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Women pastoralists for improved nutrition and increased resilience to climate shocks and soil degradation in Mongolia

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Women pastoralists for improved nutrition and increased resilience to climate shocks and soil
degradation in Mongolia, by Munkhbolor Gungaa, FAO Mongolia, Promoter of the Mongolian Alliance
of Nomadic Indigenous People (MANIP) and of the World Alliance of Mobile Indigenous Peoples and
Pastoralists (WAMIP).
http://www.fao.org/about/meetings/sustainable-food-systems-nutrition-symposium/en/

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Women pastoralists for improved nutrition and increased resilience to climate shocks and soil degradation in Mongolia

  1. 1. Women pastoralists for improved nutrition and increased resilience to climate shocks and soil degradation in Mongolia Ms. Munkhbolor Gungaa (Bolor), Communication, M&E and Networking Coordinator, FAO Representation in Mongolia Promoter of MANIP and WAMIP – Pastoralist Alliance Rome, 1-2 December 2016
  2. 2. Brief intro and foreword I am one of the descendants of nomadic family born in the Gobi desert of Mongolia. I work as a Communication, M&E and Networking Coordinator at FAO Representation in Mongolia. I am a co-promoter of Mongolian and World Alliances of Pastoralists. Since my Statement on behalf of the CSOs at the ICN2 in 2014, it is my great honour to be here again to present about Mongolian women pastoralists for improved nutrition and increased resilience.
  3. 3. Mongolia at a glance • Landlocked country with extreme continental climate. • 90% of territory - desertification - rangelands, supporting about 60 million heads of livestock and numerous population of wild animals • 62% of the whole territory is affected by drought in 2016. Total 62,719 herder families/42% are affected and lived in poor condition. • Widespread drought in the summer of 2015 covering 1/3 of the country, winter situation of 2015/2016 has reached the level of dzud emergency. • Frost on the soil reached -50C and on the air -30/-35C on average • Herders had to use up all reserve hay and forage prepared for winter within first month to keep the animals alive. As National Emergency Agency reports, 70 per cent of total territory was affected by dzud in 2016 • As of 4 April, 720 000 livestock is lost nationwide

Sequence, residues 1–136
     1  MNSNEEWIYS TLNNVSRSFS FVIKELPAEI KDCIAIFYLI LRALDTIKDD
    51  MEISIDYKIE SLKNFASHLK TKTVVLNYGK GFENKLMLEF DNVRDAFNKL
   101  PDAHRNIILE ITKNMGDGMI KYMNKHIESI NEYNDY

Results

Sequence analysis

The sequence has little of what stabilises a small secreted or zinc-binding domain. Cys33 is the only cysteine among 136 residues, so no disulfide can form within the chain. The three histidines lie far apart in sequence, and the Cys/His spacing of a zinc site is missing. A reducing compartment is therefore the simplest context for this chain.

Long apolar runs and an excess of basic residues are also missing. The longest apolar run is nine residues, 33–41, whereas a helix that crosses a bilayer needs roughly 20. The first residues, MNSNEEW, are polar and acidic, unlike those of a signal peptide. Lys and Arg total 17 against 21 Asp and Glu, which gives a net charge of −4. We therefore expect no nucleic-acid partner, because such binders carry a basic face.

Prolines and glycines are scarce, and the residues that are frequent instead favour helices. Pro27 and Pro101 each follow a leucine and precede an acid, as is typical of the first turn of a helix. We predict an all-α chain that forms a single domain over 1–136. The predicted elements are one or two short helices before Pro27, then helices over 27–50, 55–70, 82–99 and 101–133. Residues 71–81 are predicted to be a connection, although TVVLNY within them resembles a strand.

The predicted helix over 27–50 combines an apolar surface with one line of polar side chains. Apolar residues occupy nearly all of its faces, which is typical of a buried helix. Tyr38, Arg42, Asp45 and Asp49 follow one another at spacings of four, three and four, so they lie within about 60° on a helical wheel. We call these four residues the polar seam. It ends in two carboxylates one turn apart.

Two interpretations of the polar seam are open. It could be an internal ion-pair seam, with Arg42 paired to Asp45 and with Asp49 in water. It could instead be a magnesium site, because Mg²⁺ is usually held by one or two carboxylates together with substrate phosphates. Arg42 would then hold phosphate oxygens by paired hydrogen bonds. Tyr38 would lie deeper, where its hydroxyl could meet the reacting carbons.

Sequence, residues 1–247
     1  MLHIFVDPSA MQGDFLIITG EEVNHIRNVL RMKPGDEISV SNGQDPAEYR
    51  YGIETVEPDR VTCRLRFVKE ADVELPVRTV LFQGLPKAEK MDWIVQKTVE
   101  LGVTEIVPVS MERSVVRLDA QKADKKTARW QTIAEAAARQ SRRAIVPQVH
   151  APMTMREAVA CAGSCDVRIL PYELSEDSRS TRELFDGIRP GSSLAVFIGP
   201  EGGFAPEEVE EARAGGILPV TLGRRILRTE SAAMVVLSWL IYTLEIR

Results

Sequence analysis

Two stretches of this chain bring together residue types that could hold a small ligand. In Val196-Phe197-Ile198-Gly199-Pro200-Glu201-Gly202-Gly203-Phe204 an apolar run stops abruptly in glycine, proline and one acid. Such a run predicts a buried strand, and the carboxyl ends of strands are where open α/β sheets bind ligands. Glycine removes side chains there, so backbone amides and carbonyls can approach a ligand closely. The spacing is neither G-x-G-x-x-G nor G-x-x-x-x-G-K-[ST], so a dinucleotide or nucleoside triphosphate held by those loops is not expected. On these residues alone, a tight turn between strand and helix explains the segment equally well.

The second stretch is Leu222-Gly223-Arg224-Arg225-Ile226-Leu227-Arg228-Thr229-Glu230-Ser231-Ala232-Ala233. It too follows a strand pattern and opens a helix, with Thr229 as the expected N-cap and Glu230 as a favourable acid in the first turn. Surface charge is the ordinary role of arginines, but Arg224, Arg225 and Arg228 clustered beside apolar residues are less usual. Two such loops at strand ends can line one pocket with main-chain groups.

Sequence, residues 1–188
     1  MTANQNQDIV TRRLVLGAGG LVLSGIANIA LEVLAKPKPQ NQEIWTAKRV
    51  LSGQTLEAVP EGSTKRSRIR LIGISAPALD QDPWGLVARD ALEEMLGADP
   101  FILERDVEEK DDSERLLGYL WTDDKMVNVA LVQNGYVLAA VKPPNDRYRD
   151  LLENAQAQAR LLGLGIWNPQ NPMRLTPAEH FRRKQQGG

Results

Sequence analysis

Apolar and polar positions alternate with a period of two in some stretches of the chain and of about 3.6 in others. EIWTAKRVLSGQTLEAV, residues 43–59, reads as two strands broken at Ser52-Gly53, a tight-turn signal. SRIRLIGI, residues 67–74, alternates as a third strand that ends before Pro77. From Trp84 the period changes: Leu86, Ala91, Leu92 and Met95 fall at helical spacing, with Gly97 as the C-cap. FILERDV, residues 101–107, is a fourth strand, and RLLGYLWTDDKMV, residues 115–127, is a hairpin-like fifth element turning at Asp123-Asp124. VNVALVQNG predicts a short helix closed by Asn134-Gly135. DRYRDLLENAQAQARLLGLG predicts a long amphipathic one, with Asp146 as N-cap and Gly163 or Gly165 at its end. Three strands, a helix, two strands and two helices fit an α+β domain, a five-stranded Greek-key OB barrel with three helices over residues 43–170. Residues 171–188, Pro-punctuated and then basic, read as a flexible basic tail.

4. 4. Winter condition & Risk levels as of Nov 2016 Extreme High Medium Moderate Low Risk level Source: http://icc.mn/index.php?&lang=en
  5. 5. Women pastoralists for improved nutrition and increased resilience • Pastoralists in Mongolia have faced • both climate-related shocks (such as droughts and winter freezes — dzuds) • rapid economic change. • In response, they have taken collective action to reduce risks to their income, nutrition and wellbeing. Collective management has helped store animal fodder for hard times and diversification has raised herders’ incomes, which better protects food security. • Pastoralist women have played multi-functional roles • Pastoralist women ensure food security, safeguard seeds and breeds, create employment through adding value to the livestock products, and transfer knowledge to youth • Developing alternative income sources based on the livestock products such as milk, meat, leather, wool and cashmere
  6. 6. SEMI-INTENSIVE, INTENSIVE LIVESTOCK -Dairy Cows, Poultry and Swine - High/Semi-high inputs - Need to manage manure, carbon foot print, use locally grown crops for feed to improve sustainability EXTENSIVE LIVESTOCK - Sheep, goat, camel, cow, yak, horse and reindeer - Agroecological products based on rangeland fed animals - Need branding, efficient value chains and marketing to increase income MONGOLIAN AGENDA FOR SUSTAINABLE LIVESTOCK Within the framework of FAO`s PKHub and GASL, Mongolia is developing NASL
  7. 7. Wool and cashmere as alternative income for better nutrition and healthy diet Yak milk rich in calcium and iron, under the extreme-high altitude High levels of antioxidant vitamins, specific enzymes, and bacteria with probiotic activity Lamb - High quality protein, B vitamin – healthy immune system
  8. 8. Nutrition and healthy diet • Insufficient amount of vitamin and micronutrients • Average daily intake of vegetables for adults, 1.6 serving size is more than twice less than WHO recommendation of 4 serving size per day. • Rural population is more susceptible to micronutrients deficiency and the per capita energy intake for low income families was 1,728.2 kcal, which is only 63.3% of the total requirement. • Children under 5 years old seriously suffer from nutritional anemia, rickets, micronutrients deficiency such as vitamin A, D and zinc that affect sizeable proportion of pregnant women
  9. 9. Summary • Ways of survival and resilience: – Livestock herding, production, processing and marketing – Integration in value chains, diversified market opportunities – Introducing innovation technology – Capacity building (such as financial literacy, obtaining info) – Awareness raising on nutrition and healthy diet • Reform in life attitudes and policy coordination and shift from Quantity to Quality! • Women pastoralists` engagement in national and global platforms such as MANIP, WAMIP/WOPA, FAO Pastoralist Knowledge Hub, GASL and ICN2 follow up actions
  10. 10. Lorem ipsum dolor Women pastoralists play an important role towards increasing resilience to climate change; they must be supported by provision of improved market opportunities, technology and capacity building, and awareness raising on nutrition and healthy diet. Thank you for your attention!

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